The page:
Weighing children in school is counter-productive and dangerous

Following evidence revealing obese people are more likely to become seriously ill if they contract Covid-19, the National Obesity Forum has proposed schools should weigh pupils when they return to school in Autumn. Tam Fry, the chairman of the National Obesity Forum explained the reason for the weighing of students was to “catch every child who is piling on the pounds”.

This initiative works through the National Child Measurement Programme (NCMP) which measures the height and weight of children in reception class (aged 4 to 5) and year 6 (aged 10 to 11) and then calculates a Body Mass Index (BMI) centile in order to assess overweight levels in children within primary schools. Surely we as a country know BMIs are not an accurate nor universal indicator of health? There are so many more factors outside of weight which need to be taken into consideration, especially given the fact that these are children who are continuously growing. 

Former MP Martin Daubney argues in favour of the initiative, saying “we worry more about feelings over facts”. If, as Daubney argues, we should be worrying more about facts rather than considering mental health, then shouldn’t we be concerned at the rapidly rising numbers of eating disorders in children under 12?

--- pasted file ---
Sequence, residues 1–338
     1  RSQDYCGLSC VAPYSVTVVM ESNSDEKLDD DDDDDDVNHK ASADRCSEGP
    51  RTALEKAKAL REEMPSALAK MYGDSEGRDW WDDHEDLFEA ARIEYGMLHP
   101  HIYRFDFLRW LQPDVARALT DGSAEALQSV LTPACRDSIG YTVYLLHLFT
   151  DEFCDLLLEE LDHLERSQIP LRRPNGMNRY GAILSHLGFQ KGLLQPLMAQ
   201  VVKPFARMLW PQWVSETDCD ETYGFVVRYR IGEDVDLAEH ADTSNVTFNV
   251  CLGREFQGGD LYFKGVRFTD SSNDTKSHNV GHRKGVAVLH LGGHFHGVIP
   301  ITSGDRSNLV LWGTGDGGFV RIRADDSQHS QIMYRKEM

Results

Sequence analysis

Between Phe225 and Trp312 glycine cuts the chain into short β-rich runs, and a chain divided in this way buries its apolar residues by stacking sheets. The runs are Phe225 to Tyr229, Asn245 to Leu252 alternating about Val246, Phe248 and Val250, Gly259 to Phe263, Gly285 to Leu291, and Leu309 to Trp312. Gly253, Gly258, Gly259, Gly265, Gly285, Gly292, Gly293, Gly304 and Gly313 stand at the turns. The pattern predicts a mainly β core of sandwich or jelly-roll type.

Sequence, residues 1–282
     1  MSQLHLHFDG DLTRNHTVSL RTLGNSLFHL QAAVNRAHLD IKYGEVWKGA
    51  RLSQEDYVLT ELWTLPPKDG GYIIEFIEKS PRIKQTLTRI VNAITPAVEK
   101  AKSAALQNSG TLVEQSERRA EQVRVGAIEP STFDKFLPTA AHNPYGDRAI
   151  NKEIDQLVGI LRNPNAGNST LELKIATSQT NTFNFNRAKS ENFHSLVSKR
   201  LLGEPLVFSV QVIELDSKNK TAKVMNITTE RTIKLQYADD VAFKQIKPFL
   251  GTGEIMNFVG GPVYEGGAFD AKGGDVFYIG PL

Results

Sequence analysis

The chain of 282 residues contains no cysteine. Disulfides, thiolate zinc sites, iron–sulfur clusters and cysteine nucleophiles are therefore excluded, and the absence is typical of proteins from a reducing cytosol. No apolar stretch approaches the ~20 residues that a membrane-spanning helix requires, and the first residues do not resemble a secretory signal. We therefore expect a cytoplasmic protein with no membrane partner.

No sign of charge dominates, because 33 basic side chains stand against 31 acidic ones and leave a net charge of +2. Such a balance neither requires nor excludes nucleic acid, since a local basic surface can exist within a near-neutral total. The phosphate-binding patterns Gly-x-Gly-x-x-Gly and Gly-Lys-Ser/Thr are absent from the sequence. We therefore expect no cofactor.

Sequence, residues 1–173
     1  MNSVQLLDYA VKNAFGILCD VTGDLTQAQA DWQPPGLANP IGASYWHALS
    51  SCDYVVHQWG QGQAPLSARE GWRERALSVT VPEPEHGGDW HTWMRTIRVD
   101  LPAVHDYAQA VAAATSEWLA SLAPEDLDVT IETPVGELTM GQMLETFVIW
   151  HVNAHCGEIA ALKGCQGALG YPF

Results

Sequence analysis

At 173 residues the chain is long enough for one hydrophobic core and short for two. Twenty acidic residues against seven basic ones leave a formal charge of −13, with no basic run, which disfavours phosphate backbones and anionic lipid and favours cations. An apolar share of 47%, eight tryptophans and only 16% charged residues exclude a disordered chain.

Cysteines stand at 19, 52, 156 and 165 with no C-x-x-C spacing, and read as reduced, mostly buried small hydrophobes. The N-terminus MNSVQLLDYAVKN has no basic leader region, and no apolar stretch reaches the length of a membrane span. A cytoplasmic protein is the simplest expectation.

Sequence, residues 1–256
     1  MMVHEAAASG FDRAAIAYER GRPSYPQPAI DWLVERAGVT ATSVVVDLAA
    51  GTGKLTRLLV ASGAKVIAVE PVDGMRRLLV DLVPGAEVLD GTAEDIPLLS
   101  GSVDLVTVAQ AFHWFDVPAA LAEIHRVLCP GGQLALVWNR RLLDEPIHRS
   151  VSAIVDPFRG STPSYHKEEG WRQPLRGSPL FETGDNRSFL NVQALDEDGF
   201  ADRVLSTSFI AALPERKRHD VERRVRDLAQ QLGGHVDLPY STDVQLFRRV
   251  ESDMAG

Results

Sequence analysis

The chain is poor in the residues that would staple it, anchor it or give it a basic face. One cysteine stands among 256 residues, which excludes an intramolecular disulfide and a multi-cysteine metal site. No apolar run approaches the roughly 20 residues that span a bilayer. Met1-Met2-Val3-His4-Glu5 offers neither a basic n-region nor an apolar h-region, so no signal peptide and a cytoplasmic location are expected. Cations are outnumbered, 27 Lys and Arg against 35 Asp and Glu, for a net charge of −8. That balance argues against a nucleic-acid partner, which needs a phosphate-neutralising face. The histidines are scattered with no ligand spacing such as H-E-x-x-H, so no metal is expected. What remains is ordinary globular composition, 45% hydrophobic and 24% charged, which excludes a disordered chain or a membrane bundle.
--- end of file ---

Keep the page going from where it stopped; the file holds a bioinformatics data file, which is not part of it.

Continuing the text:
I am not dismissing the fact that health, especially in the current climate, should be highly prioritised. What I am saying is weighing children in school is counter-productive and dangerous. This initiative completely disregards both the physical and mental wellbeing of children and although some say it may reduce levels of obesity, it will most likely be at the expense of children’s welfare. This programme encourages children to fixate on their weight or appearance as well as to associate weight with health, which could trigger disordered eating. 

In my opinion, the only way this programme could have even the slightest chance at being effective is if the government simultaneously heavily invested in a mental health system for schools. Possibly, this system would end up handling the potentially damaging consequences of this programme.  

It is clear the government’s aim is to track those who have put on weight over lockdown, meaning their solution would be to shame those children into losing weight as they return to school. 

I would like to stress children are not responsible for childhood obesity – it is a systemic problem. Instead of creating an atmosphere of shame around weight and body image, schools should be presenting children with different ways of feeling strong and happy with themselves: make exercise fun, make nutrition fun, stop serving food of little nutritional value in the cafeteria. 

Many children are already in a state of anxiety due to lockdown measures, why are we adding this stress on top of that? This is the time when we need to support them the most, not permanently damage their mental health.


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Lauren Bramwell

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May 2022
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